e.Comment = "The content for entry in the zip file was obtained from a stream";
    zip.AddFile("Readme.txt");
    zip.Save(zipFileToCreate);
  }


Update a zip: Remove an entry. Remove an entry from an existing zip file, using the string indexer:
  using (ZipFile zip = ZipFile.Read(ExistingZipFile))
  {
    // use the indexer to remove the file from the zip archive
    zip["Readme.txt"] = null;
    zip.Comment = "This archive has been modified from its original version. Some files have been removed.";
    zip.Save();
  }


Update a zip: Remove an entry, alternative. Remove an entry from an existing zip file, using the RemoveEntry method.
  using (ZipFile zip = ZipFile.Read(ExistingZipFile))
  {
    zip.RemoveEntry("Readme.txt");
    zip.Comment = "This archive has been modified from its original version. Some files have been removed.";
    zip.Save();
  }



Extract entries. Extract all files from a zip archive. This example works if you want to extract all entries, and none of them use a password for encryption. Within the foreach loop, you could insert a conditional to determine if you want to extract that particular entry. You could query the timestamp on the entry, the size, the file attributes, and so on.
  using (ZipFile zip = ZipFile.Read(ExistingZipFile))
  {
    foreach (ZipEntry e in zip)
    {
      e.Extract(TargetDirectory);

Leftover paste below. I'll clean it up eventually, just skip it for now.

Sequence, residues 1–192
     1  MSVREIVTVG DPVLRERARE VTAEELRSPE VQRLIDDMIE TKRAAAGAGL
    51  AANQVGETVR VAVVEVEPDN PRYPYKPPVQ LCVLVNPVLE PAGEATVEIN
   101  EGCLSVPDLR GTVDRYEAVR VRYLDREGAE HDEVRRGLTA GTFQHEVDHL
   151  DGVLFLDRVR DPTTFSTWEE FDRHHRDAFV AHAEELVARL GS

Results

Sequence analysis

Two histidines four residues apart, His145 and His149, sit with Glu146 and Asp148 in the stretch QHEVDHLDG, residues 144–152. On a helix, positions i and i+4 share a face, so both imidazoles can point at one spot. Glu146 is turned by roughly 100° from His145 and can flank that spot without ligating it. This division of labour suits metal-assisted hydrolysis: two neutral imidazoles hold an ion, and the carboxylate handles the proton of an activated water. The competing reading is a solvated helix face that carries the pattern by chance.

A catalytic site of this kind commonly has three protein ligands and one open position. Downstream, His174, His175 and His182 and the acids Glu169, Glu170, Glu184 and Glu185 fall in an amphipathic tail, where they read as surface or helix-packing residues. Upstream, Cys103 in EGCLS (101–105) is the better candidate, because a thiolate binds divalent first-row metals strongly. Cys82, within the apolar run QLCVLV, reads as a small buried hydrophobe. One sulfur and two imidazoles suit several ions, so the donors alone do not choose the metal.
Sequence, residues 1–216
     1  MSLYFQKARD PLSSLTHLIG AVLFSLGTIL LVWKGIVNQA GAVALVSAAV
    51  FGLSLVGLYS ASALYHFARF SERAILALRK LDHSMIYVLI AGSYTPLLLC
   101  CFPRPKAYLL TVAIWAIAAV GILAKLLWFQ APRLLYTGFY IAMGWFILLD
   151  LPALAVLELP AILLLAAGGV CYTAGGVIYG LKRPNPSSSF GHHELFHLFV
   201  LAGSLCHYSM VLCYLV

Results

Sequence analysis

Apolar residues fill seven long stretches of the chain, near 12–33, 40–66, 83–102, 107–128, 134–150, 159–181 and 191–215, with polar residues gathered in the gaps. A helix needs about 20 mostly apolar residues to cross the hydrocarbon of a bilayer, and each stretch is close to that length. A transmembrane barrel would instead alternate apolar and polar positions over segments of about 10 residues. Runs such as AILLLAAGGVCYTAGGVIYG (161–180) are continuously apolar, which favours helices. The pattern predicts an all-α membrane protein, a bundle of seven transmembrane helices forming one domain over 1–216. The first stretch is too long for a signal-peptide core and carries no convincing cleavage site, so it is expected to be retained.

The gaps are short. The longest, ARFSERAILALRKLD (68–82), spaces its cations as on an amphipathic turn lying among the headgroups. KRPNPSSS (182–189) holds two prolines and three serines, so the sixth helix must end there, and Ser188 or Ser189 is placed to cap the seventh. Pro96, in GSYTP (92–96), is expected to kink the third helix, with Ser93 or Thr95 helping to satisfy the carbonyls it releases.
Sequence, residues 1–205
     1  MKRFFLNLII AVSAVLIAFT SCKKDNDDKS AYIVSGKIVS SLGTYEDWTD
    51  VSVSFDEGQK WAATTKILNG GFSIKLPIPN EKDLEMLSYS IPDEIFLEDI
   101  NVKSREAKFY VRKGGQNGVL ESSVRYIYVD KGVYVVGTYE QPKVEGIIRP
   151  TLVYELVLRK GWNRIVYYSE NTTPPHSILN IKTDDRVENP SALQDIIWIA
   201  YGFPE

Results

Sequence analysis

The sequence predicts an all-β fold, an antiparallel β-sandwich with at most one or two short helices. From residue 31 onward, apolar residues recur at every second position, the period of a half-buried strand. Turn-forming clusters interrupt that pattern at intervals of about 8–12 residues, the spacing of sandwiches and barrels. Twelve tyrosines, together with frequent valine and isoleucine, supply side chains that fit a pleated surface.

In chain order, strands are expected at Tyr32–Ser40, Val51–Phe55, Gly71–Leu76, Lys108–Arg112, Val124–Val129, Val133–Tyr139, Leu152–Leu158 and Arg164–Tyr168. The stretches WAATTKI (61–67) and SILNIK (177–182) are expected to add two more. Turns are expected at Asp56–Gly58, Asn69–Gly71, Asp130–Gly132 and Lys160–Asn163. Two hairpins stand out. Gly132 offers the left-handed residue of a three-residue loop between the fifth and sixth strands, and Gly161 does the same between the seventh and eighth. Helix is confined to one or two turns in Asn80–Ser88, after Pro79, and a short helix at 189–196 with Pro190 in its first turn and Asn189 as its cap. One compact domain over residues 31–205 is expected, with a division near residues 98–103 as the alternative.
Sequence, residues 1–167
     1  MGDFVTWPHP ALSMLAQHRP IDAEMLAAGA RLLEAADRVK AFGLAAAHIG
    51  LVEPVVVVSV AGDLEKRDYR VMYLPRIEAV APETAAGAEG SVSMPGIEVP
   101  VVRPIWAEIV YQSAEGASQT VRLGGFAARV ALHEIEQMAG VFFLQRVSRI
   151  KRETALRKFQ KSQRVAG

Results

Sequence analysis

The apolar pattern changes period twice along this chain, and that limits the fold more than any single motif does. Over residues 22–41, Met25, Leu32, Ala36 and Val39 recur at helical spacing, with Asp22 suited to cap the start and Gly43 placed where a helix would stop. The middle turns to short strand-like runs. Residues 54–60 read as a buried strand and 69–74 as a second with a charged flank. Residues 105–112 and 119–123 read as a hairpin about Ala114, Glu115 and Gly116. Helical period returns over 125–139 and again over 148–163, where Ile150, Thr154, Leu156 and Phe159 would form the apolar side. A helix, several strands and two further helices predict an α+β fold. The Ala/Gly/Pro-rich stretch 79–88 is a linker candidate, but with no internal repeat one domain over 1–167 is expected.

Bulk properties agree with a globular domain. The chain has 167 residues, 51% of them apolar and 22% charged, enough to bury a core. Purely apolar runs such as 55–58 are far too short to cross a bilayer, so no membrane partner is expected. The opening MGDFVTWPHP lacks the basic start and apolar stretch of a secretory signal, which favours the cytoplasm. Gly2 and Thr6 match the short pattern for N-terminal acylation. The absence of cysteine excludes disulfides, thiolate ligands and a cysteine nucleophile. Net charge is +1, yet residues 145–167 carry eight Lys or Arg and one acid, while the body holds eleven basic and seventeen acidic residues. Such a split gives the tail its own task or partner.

}
  }


Extract entries, an alternative. Extract all files from a zip archive. This example works if you want to extract all entries, and none of them use a password for encryption.
  using (ZipFile zip = ZipFile.Read(ExistingZipFile))
  {
      zip.ExtractAll(TargetDirectory);    
  }


Extract with overwrite. The default behavior of extraction is to NOT overwrite existing files. If there are files that would be overwritten, DotNetZip throws an exception. In this example, the app Extracts all files, and silently overwrites any existing files in the filesystem. There are alternatives not shown here, to "overwrite silently": Throw an exception, don't overwrite, or invoke an event to allow the application to decide what to do.
  using (ZipFile zip = ZipFile.Read(ExistingZipFile))
  {
    foreach (ZipEntry e in zip)
    {
      e.Extract(TargetDirectory, ExtractExistingFileAction.OverwriteSilently);
    }
  }


Extract into a stream. Extract an entry from the zip archive into a previously-opened stream:
  using (ZipFile zip = ZipFile.Read(ExistingZipFile))
  {